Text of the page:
Principled Profit: The Good Business Blog

Musings on the world-wide movement for ethical business, frugal marketing, and how honesty, integrity, and quality combine with deep relationship building to create business success. By the originator of the Ethical Business Pledge campaign and award-winning author of Principled Profit: Marketing That Puts People First and five other books

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Wednesday, June 15, 2005

What do Michael Jackson and Arthur Andersen Have in Common?

On the surface, a flamboyant pop star has little to do with an accounting firm: the epitome of corporate conservatism.

But the accounting firm we're talking about is Arthur Andersen, and the way its auditors let Enron's top execs bring down both companies hardly fits my standard of fiscal conservatism.

Anyway, the comparison isn't about lifestyle or philosophy. It's about the notion that being cleared in a court of law doesn't necessarily mean you're actually innocent.

Michael Jackson was not found guilty. He may or may not have molested children--I don't have the knowledge to say, one way or the other. He certainly used bad judgment to share his bed with them--but the jury's decision rested not on whether or not he committed the act, but whether the government had proven its case beyond reasonable doubt. Given the lack of credibility of one of the prosecution's chief witnesses, the jury found that the government had not put forth an ironclad case.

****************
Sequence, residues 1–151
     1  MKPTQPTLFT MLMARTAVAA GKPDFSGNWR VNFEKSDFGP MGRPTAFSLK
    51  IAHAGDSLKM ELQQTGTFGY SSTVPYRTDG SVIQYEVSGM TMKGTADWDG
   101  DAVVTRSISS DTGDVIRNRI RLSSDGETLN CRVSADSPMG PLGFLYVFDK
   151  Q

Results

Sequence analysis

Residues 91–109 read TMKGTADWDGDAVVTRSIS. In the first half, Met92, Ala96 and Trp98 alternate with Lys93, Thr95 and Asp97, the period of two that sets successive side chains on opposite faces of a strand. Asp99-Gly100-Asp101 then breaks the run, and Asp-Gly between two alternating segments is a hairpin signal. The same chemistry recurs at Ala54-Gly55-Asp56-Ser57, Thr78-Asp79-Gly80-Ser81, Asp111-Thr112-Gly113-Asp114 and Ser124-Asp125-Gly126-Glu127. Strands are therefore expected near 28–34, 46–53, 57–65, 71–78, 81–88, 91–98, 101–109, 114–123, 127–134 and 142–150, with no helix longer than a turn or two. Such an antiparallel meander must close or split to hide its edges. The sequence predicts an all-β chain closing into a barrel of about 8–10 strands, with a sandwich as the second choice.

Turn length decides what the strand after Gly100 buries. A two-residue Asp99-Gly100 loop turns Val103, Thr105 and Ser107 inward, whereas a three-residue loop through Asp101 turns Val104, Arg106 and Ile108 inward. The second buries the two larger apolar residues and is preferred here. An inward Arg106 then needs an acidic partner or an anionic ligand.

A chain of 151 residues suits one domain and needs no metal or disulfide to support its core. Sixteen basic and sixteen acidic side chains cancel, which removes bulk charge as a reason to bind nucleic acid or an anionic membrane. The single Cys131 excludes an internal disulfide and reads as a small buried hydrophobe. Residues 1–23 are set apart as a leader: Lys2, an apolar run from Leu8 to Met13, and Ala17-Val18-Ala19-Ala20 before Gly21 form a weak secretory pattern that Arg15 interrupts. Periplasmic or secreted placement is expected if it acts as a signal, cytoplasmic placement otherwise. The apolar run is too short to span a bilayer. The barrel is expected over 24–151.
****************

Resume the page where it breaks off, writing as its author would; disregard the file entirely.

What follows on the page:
And the Supreme Court, late last month, found not that Arthur Andersen wasn't culpable for its destruction of documents, but that the judge had given faulty instructions to the jury, and thus the guilty verdict was thrown out.

Lawyers for both Michael Jackson and Arthur Andersen were quick to hail the court decisions as clearing their clients' names, and Enron CEO Jeffrey Skilling's lawyer quickly made the claim that his client's case was strengthened. But the Andersen jury foreman, Oscar Criner, called the Supreme Court's ruling "a grave error" (as reported in Enron's hometown paper, the Houston Chronicle: )

But in fact, neither decision addressed the defendant's guilt or innocence. All that has happened is that a jury in one case and a panel of judges in the other found that the government did not make a strong enough case for wrongful intent.

Arthur Andersen first allowed Enron's highly questionable accounting practices and then, as the SEC was preparing to investigate, destroyed the documents about the case. Michael Jackson shared his bed with teenage boys. While they were not guilty in the eyes of the law, the ethical questions remain in both cases. Failing to find that an action is criminal is not the same thing as finding that a defendant acted with ethics, with honor, and with good intent. It merely shows that the standard of proof was not met.

Legality and ethics are not always the same. Let's keep that in mind as the Enron trials proceed.


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